Why is it that the most fragile part of our body is the one we seem to protect the least? According to the Washington Eye, it’s estimated that around 2,000 American workers suffer from an eye injury on the job every day. While some of these instancesmay have been freak accidents, at least 90 percent of reported injuries could have been completely avoided by using safety precautions.
Our eyes are not equipped with any natural protection, and it’s very easy for an injury to occur at work. March is Workplace Eye Safety Month, serving as a simple reminder to workers and employers across all occupations to be mindful of the dangers when it comes to eye safety. These are some of the eye hazards to watch for and how to keep employees safe.
Types of Eye Hazards
Any negative impact on the eyes can change a worker’s overall quality of life. There are various possible hazards in the workplace that could lead to eye injuries across multiple industries, including:
Flying objects, chemicals, tools, particles, and harmful radiation are among the most common causes of occupational eye injuries. Sadly, most of these injuries are also highly preventable when proper safety measures are used.
Protective Gear for Eyes
The American Optometric Association (A.O.A.) reports that workers experience eye injuries for two reasons: they were not wearing eye protection, and/or they were wearing the wrong kind of protection for the job. Various types of eye protectionthat can be used to protect workers from occupational eye injuries include:
Wearing just any type of eye protection will not prevent a worker from an injury. Protective eyewear must be kept in good condition and replaced immediately when damaged. The type of eye protection needed will depend on the kind of work being done. Additionally, all protective eyewear should be compliant according to the Occupational Safety and Health Administration(O.S.H.A.) regulations to fully protect workers from preventable harm.
Industries Where Eye Injuries Are Common
It’s often believed that eye injuries only occur in construction or trade jobs. But, research shows that about 40 percent of work-related eye injuries happen in offices, laboratories, and other work environments alike. According to Bard Optical, these are the seven identified professions where eye injuries occur the most and the hazards they face in the workplace:
No matter the severity or degree of harm, it’s always better to be safe than sorry. No one wants to live a life where their vision can be impaired or endure a lifetime of recovery and constant medical attention. Employees must be aware of how to take the necessary precautions and be aware of the known eye hazards they could encounter in every aspect of the workplace.
Ten Steps to Prevent Eye Injury
Prevent Blindness, a leading eye health and safety organization, provides a great deal of insight into helping workplaces across the country embrace Workplace Eye Safety Month. Here are ten recommendations to help workplaces focus on reducing occupational eye injuries affecting their employees:
Assess: Inspect and identify all work areas, equipment, plant operations, and access routes for hazards.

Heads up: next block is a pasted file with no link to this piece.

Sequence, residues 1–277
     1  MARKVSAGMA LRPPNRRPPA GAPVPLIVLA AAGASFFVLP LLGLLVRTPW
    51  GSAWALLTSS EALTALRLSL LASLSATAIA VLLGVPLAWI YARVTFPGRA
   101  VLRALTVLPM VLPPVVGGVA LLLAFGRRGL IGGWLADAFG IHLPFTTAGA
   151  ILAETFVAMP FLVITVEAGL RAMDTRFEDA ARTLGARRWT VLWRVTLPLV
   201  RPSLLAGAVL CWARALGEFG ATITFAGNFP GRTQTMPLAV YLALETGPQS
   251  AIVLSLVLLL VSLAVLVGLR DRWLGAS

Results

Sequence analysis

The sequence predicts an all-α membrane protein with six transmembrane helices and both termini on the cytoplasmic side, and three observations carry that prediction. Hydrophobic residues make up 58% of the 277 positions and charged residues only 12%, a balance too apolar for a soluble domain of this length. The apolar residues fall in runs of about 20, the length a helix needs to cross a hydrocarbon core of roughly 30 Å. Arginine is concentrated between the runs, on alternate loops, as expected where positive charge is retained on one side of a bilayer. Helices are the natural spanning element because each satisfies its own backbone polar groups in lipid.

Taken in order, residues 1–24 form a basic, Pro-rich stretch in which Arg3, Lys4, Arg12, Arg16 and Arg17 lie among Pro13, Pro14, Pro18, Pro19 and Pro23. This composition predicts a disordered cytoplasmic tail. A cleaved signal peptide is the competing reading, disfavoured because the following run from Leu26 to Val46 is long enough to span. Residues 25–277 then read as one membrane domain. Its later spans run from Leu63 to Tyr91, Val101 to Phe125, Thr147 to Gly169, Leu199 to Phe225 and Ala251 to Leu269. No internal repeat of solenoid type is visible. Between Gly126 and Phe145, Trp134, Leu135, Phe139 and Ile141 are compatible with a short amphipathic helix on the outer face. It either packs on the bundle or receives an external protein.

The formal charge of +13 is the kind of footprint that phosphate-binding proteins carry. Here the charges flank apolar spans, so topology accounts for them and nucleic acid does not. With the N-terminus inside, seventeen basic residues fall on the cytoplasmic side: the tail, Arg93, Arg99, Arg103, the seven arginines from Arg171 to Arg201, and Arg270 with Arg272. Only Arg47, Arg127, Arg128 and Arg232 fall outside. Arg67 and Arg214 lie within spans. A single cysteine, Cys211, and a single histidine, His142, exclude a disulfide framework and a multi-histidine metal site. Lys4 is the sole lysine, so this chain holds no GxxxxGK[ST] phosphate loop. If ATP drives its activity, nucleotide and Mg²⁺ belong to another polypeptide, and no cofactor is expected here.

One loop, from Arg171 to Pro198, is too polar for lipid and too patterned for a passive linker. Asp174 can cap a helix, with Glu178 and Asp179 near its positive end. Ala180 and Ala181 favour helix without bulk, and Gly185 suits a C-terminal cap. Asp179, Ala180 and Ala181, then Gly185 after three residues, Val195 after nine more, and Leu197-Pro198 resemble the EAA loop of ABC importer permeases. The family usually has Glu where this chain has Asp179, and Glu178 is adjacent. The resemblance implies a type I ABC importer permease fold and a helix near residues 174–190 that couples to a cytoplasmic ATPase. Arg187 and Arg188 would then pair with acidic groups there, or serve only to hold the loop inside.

Test: Routine employee physical exams are a perfect opportunity to test eye vision. Corrected eye vision (if needed), reduces accidents.
Protect: Using the correct protective eyewear is crucial. Follow the industry standards and expert recommendations for ensuring employees are wearing the right gear for the job every time.
Fit: With a great emphasis on protective eyewear, it’s important that all employees have eyewear that fits correctly and comfortably. Use a trained professional to fit and repair gear as needed.
Participate: Specific programs for eye protection in all departments should be mandatory. If there are none in place, they should be created and made accessible to all employees.
Educate: Educational programs are essential to keeping any work environment safe. Employers should be educating all supervisors and employees consistently.
Plan for Emergencies: First-aid procedures should be set in place. Eyewash stations should be installed in areas with risks for debris and chemical splashes. Workers should be trained in basic first-aid and able to identify which safety methods to use when eye injuries occur.
Support: Management should be highly involved and show an active interest in their employees’ well-being.
Review: Review all prevention policies on a regular basis to identify new hazards or training areas of need.
Put it in Writing: Write down all safety procedures, policies, and programs for the workplace and make them accessible to employees who need to reference them in the future.
Connecticut Workplace Accident Attorneys
Eye injuries in the workplace can be dramatically reduced when proper safety protocols are set in place. Employers and contractors who do not prioritize safety put the lives of their workers at unnecessary risk. If you or a loved one has been injured due to the medical negligence of a health care facility or physician, you may be eligible to receive compensation for any damages suffered.
As Connecticut personal injury experts, we always have your best interests and safety in mind. Our aggressive attorneys at Jacobs & Wallace will help you fight back by providing a free case evaluation to explore all your options for seeking justice against reckless distracted drivers. Contact us today for a free consultation and to explore your rights for justice.